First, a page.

When Iris flees the scene, she’s accused of conspiracy by Empress Elena Flora, a woman with little sympathy left for the LaRose family. But Iris won’t believe that her mother is truly guilty – an imposter must be responsible. Faced with execution, Iris’s only option is to lie, claiming she can bring the imperial guard to her mother.

Her lie buys her just enough freedom to seek the hidden killer, but when answers prove difficult to find, she turns to the most unwelcome of allies: Violet Zino, a brash and charming pirate who can access the criminal underground.

As new assassinations threaten the stability of the empire, Iris and Violet uncover clues that lead them to a shadowy group called the Daughters of Darkness, women who plan to destroy the empire by replacing the empress with a saboteur. Now Iris must choose to risk her life and her freedom to save Elena Flora, or watch as the empire she loves crumbles.

DAUGHTERS OF DARKNESS, complete at 112,600 words, is high fantasy that will appeal to fans of The Lightbringer Series by Brent Weeks and The City Stained Red by Sam Sykes, as it shares their adventurous tone and touch of irreverent humor.

Thank you for your time and consideration.


It’s a bit longer than I wanted – and quite a bit longer than the first draft – but I think this is the best possible version.

So I’m off to put together and send out those submissions. Then on to the initial reading of the first draft of The Obsidian Pyramids. No summer vacation for his writer.

Writing Ambitions

November will mark the ten year anniversary of the day I started writing The Doorway, the first novel I ever completed. I knew when I started it that I would never have a chance of getting it published – though I pretended that wasn’t the case as I wrote it. But I still had a great time writing it.

Over the years, I’ve become more and more serious about trying to get a book deal with one of the big publishers. It hasn’t gone like I’d hoped, but I’m working on it. I still enjoy writing, but I’ve found the rejection on my query submissions to be more painful than I’d like.

Recently, I came across an older blog post by one of my favorite authors, Mark Lawrence:


Mark talks about failure in writing, and how difficult it is to become a successful author, especially at the level of a bestseller. His main point is that most writers will never reach the level of success they desire, and that writers should view anything they do as an accomplishment. You, if you’re a writer, shouldn’t allow yourself to fail, simply by not allowing yourself to feel like you’ve failed – no matter what.

This strikes me as wise, and good advice. And yet…

And yet I don’t believe I can ever view things this way. It just isn’t within my personality to think like that. I suppose that’s a weakness (and it really does lead to a lot of pain and disappointment), but it’s just how I operate.

I’m rather competitive and goal-oriented. I often set my goals high (too high?), but that’s how I motivate myself. I’m just not sure I can take the mentality that I’ve succeeded just by trying, just by writing, even if it’s the wise thing to do. Even if not doing so hurts me.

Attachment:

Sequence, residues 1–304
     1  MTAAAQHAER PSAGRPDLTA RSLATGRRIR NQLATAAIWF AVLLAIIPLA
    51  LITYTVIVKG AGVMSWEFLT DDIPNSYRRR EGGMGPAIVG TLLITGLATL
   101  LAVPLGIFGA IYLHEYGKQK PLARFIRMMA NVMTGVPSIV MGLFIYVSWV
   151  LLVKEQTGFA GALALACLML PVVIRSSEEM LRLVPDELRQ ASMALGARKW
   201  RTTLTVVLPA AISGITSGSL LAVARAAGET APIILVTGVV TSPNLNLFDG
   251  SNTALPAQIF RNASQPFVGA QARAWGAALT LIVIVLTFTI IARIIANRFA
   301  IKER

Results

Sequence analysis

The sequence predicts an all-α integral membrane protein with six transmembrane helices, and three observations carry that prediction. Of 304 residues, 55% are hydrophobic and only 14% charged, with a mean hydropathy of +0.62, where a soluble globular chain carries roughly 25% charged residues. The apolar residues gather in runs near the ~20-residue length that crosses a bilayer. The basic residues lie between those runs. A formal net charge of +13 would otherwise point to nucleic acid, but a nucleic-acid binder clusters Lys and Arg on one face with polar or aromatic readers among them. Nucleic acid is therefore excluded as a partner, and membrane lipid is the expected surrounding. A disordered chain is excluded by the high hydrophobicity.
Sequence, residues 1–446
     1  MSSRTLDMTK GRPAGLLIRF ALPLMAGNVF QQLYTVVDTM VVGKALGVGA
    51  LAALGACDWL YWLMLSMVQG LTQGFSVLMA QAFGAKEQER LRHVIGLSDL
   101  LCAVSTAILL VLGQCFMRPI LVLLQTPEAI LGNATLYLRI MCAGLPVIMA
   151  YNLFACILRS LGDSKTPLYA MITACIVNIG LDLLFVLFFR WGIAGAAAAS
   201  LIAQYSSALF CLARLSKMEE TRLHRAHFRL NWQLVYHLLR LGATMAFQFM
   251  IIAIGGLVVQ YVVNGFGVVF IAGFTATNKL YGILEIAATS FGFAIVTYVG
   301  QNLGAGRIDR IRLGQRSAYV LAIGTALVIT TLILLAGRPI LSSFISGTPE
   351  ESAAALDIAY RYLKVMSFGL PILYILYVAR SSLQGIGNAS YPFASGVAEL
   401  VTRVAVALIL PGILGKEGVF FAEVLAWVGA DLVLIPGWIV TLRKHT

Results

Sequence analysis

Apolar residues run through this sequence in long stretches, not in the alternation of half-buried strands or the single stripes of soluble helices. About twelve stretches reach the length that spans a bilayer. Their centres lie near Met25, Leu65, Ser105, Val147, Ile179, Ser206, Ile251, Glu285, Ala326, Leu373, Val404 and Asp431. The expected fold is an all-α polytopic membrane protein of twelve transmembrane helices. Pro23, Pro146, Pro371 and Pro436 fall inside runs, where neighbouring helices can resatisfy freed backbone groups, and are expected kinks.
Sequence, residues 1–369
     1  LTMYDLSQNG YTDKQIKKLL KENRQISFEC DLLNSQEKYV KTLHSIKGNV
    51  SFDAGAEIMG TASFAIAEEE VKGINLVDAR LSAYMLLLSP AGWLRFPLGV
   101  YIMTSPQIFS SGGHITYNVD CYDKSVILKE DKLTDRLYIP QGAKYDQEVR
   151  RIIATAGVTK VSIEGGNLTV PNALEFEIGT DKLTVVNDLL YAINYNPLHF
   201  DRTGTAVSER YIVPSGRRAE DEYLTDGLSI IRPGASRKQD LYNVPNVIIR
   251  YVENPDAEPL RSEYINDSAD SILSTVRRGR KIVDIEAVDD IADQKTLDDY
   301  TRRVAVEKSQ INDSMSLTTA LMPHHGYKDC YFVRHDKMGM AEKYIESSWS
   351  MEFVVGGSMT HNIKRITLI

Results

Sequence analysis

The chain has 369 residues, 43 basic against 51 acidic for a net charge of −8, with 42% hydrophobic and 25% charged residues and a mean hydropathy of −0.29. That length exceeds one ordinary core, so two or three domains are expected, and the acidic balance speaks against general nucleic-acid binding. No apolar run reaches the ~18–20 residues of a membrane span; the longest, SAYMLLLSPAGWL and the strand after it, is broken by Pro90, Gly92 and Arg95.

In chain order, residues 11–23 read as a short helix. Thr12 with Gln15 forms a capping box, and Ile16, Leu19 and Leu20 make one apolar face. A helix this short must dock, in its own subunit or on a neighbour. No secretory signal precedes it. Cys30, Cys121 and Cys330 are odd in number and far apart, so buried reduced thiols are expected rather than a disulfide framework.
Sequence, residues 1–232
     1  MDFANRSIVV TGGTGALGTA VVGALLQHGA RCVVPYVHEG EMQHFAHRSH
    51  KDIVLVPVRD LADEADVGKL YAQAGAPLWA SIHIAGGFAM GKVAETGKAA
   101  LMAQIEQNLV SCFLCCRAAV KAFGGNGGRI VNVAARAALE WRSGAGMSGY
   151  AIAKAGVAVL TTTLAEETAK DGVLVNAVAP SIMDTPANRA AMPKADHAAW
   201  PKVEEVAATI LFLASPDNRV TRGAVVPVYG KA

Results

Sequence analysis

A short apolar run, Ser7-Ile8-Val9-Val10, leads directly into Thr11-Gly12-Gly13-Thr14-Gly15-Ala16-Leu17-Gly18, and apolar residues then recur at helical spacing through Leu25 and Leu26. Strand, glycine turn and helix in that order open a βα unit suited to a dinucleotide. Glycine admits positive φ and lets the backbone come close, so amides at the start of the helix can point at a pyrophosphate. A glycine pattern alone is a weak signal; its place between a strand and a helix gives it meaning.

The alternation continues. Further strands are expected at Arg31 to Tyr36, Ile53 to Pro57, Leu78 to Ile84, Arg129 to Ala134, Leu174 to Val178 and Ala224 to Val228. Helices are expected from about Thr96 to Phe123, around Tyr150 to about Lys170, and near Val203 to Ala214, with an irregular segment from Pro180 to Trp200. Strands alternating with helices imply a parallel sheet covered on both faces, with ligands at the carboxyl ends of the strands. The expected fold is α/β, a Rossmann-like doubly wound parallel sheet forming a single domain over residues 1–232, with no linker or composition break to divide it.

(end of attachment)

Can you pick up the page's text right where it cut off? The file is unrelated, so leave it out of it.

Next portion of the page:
The best I can do, I think, is to believe that the rejections I get are more due to bad luck than my own failures, and keep going. Keep writing, keep submitting.


P.S. While Mark’s advised mentality may be good for writers, I would get eaten alive in my primary career if I adopted it.

P.P.S. If you haven’t read Mark Lawrence, and you like fantasy, I highly recommend Prince of Thorns. It’s a bit of a tough read for some people, but it’s worth it. It’s pretty unique within epic fantasy for it’s short length and consistent fast pace. The main character, Jorg Ancrath, is one of my favorite of all time – If you’ve read this, or do in the future, don’t judge me for that 🙂

Broken Fantasy

I wrote my first book when I was 28. Finishing up grad school, trying to figure out, at a late age, what I should do with my life. Not my first attempt at writing an entire novel, but my first success.

Success? Hahaha, no, it was crap. Just a total piece of garbage.

But it was an amazing feeling, just to write those last words. To think to myself, holy shit Kevin you just wrote an actual, real novel. All the way through from beginning to end. Even if it does suck.

Last Thursday night, I finished my seventh novel. I’d say the feeling that night was more relief than elation, given that I struggled through this one, but that’s not right. I mostly felt… nothing.


My job’s been especially stressful lately, though in truth, my job is especially stressful all the time. It’s just the nature of my career. Two and a half years ago, the day of the company holiday party, I had the worst day of this ridiculous job. I woke up, saw I was losing many millions of dollars, and immediately reached for a beer and my book, the one I was writing at the time. It was my fifth book. The alcohol comforted my a little, but writing for hours comforted me a lot.

Back then, I was able to use writing as an escape from my failures, in my job and in my life. I could fantasize about becoming a great writer. Not strictly about becoming famous or rich by writing – that’s reserved for a handful of people per generation. Just about creating something wonderful that a bunch of other people would like and recognize as something great. Flawed, sure. Not for everyone. But beautiful. Amazing in some way.

But as my career continues to go to hell (I’ll figure it out, somehow, I think, maybe), I haven’t been able to escape into that writer fantasy. It hurts, because I don’t know where else to turn – I mean, alcohol obviously, but I think that may be less healthy.


Seven books. The first two were total crap. I was just starting out, messing around, hadn’t learned much about writing. The third, The Book of Terrors, I genuinely liked. The first book I queried agents on, even though I had no idea what I was doing in that regard. No requests. Eventually I realized it just wasn’t good enough. Not big five material.